Giving to street kids is a short-term solution that ensures that long-term answers are more difficult to implement. It helps to ensure that they stay poor for the rest of their lives and, as uneducated parents, means that their children will probably be just as poor too. It ensures a thriving labour market for young children who should not be working, many of whom are not from Siem Reap at all but brought in from other provinces to work the streets. Worse yet, working on the streets not only impairs their education, it exposes these children to predators: traffickers, drug dealers and child sex tourists.
There are a number of reputable charities in Siem Reap that work with street children, ensuring that they go to school, providing additional schooling for them, giving them an arts education, supporting their families and generally working very hard to ensure the children in their care have the power to shape their own destinies.
Smiles all round.
Sam Flint, the director of the shelter Anjali, says that when travellers give to street kids, it makes his job that much harder to do. “Giving to street kids jeopardises their future, and it’s difficult for an organisation to offset the attraction for parents to send their kids out to the streets”.
His organisation provides each family that takes their kids off the street and enrols them in the programme with rice every month, to balance out some of the lost income. But every dollar that a tourist gives deprives the parents of an incentive to make sure their kids go to school and get a proper education, which includes not being too tired to study.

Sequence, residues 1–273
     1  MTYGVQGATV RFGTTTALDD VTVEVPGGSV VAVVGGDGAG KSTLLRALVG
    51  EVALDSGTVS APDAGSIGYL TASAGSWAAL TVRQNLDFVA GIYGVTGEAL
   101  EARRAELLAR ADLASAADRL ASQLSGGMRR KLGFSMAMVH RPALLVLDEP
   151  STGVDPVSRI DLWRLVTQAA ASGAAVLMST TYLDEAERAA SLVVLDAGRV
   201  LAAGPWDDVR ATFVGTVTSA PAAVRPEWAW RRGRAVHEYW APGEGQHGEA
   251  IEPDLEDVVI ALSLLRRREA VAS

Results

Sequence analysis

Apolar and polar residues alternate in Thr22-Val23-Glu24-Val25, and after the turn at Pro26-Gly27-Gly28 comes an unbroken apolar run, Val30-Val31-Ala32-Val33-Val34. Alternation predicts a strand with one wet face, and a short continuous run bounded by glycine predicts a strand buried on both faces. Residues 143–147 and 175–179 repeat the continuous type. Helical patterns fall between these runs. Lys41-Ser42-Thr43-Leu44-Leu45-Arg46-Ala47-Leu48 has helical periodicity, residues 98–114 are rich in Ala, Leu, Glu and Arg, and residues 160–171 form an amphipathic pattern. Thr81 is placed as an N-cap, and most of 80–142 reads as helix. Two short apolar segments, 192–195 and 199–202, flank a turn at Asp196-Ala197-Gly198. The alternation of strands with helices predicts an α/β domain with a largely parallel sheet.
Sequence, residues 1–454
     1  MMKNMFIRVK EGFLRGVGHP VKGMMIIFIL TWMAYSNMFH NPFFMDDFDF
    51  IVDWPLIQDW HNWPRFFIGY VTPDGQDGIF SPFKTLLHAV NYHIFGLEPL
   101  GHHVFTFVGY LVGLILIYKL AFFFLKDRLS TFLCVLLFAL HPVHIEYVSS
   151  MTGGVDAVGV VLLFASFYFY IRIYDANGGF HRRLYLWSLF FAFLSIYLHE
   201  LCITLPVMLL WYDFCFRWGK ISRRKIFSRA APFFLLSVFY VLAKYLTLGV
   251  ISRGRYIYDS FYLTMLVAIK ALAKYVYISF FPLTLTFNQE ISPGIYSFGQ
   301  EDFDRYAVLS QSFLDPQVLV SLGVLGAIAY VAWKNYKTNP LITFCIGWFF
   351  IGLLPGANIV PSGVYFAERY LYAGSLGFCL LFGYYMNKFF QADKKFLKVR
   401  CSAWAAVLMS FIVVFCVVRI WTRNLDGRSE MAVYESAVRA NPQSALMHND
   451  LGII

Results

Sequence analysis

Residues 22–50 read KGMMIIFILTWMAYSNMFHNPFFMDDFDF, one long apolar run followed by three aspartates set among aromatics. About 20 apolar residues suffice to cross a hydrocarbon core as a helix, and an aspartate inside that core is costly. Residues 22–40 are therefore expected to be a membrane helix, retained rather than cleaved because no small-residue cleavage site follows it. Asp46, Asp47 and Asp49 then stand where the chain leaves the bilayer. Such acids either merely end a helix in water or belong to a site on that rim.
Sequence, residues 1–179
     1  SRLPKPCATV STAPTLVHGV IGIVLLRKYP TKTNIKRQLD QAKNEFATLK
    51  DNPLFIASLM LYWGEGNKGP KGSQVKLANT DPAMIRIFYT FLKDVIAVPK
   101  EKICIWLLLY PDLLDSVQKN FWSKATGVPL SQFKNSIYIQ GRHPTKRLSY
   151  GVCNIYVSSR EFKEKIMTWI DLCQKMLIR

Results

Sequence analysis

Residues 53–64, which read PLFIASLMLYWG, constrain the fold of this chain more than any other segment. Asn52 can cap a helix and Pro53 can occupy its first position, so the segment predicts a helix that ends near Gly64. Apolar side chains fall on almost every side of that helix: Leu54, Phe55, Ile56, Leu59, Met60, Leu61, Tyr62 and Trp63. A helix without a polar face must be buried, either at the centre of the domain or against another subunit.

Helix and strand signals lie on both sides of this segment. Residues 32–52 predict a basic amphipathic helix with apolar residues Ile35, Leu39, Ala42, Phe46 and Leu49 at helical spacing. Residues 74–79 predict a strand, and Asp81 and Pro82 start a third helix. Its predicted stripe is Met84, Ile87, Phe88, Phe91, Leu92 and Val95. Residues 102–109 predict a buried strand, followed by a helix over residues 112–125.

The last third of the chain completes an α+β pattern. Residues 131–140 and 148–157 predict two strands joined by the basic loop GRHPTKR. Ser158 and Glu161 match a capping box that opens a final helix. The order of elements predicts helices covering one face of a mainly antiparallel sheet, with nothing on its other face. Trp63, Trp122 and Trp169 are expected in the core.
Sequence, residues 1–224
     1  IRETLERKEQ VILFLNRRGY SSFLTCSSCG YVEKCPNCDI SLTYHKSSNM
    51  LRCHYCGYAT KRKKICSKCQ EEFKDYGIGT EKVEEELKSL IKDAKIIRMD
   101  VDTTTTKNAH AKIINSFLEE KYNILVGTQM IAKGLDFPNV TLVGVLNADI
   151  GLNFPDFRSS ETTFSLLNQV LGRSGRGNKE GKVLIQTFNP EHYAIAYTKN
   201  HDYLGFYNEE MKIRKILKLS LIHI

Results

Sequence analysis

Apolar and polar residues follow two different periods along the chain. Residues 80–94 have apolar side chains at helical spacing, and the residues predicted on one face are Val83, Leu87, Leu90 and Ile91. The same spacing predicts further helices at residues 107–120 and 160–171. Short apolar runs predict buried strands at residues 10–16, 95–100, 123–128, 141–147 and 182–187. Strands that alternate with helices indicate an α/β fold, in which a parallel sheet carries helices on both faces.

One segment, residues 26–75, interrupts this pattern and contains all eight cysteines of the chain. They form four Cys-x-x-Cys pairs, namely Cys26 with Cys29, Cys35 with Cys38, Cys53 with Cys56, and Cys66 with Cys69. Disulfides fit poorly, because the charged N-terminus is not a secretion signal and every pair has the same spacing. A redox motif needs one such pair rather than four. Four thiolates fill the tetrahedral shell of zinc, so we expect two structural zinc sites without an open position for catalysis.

Flint continues, “Yes, these are low income families, but there are alternatives. Not giving money to street kids however cuts out the easy option”.
It’s not all gloomy: there are ways that visitors can help kids without sustaining a system that exploits them and deprives them of a future. Several organisations are registered with an NGO called Concert Cambodia, which imposes strict accountability and accounting standards on members. They can advise you on ways to support organisations, and which ones are safe to give to and which not. They can also help you with volunteering options too.”
Taken from http://www.travelfish.org/blogs/cambodia/2011/06/03/why-giving-money-to-street-kids-is-a-really-terrible-idea/
So it may seem harsh but best not to give.
On the way to Pub Street
Sangeet bought some Cambodian trousers at the market.
After a wander we headed over to the night market. Angkor Night Market established in 2007, was the first night market to open in Cambodia. The market founders were careful not to create a tourist park. Instead of warehouse-liked setting as in often case, you will find smoothly laid out huts built from natural materials and designed beautifully in Khmer style. Over the years, we have 240 souvenirs shops which sells traditional Cambodian made handicrafts from clothing’s, silk, painting and photography’s, jewelries, wood and stone carvings. After a tiring shopping you can pamper yourselves with our original Dr. Fish massage, Body and Feet massage, spa or relax at our two bars. The Island bar with its impressive bamboo tower and tiered lamp which you cannot see in any other bars here in Siem Reap, Cambodia or the secluded Brick House bar with its thatched roof and large bamboo furniture’s blend a relaxed stylishness surrounded by a tropical garden. We also have a food court which offers Cambodian, Western, Asian Cuisine, Cafe Puka Puka with its milk snow ice and try our many varieties of shisha flavors at Shisha bar. Angkor Night Market, a place for you to shop & dine in a vibrant contemporary Khmer environment. At the night market Sangeet bought a gift.
This market is a lot cleaner then the previous market
Afterwards we got a tuk tuk back to the hotel.